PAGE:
Jadeja mixed his lines - bowling stump-to-stump and into the rough outside off. He was accurate. He was frustrating, as always for the batsmen. He was quick and he was mixing up his pace well. That he would have Moeen Ali's number was a forgone conclusion with the latter looking clueless against the Saurashtra all-rounder.
Jadeja and Ashwin rushed through their overs, not allowing the batsmen to settle down or even have a breather or provide the time for the batsman to think about the previous ball on which he was beaten. The Ashwin-Jadeja duo bowled 23.4 overs in tandem, at a stretch, in just 68 minutes, which was just about under three minutes an over. They were relentless and built sustained pressure.
"I think that the way we bowled yesterday (on Day 4) was magnificent. Not giving away more than 1.4 per over, we thought they would come out with more intent, to be very honest. And to see the approach that they had, obviously, gave us assurance that once we get a couple of wickets, it will crumble pretty quickly because there wasn't much intent from the batsmen," Kohli said in the post-match conference.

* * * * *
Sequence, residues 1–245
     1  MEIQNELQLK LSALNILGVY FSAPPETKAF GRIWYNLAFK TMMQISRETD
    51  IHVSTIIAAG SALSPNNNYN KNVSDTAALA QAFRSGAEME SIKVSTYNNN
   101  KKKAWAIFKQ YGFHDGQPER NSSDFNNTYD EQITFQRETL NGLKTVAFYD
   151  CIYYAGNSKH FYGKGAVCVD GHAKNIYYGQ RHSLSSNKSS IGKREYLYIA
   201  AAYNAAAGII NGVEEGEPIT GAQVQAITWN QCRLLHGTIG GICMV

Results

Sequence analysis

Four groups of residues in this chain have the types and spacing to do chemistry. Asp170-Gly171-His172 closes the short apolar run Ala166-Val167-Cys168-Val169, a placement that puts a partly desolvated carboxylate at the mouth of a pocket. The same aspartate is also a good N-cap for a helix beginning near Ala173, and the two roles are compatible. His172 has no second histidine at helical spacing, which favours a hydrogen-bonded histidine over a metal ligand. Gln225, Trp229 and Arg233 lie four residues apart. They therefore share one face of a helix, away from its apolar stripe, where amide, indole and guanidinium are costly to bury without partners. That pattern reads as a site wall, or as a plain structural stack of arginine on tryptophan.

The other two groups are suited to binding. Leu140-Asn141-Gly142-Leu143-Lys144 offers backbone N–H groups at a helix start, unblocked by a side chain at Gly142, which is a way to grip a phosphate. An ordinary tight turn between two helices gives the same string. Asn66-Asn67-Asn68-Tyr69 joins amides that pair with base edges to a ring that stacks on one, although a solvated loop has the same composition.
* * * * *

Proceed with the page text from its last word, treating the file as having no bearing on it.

The plan was simple - to play the patience game and then go for the kill.
"It was a test of our patience. We knew that they are going to try and annoy us by playing like this and hope that we lose our cool, bowl with different plans and do too many things, which we did not," Kohli said after the match. "We maintained a similar field throughout. It's just that in the last over (on Day 4), the suggestion came from Pujara that we could try probably a different field, have two more on the legside and make him (Cook) really defend well in the last six balls. Put a bit of doubt in his head, and it worked. He tried to play in front of his pad, not close to the body. That's it, I mean little margins can give you the game," he added.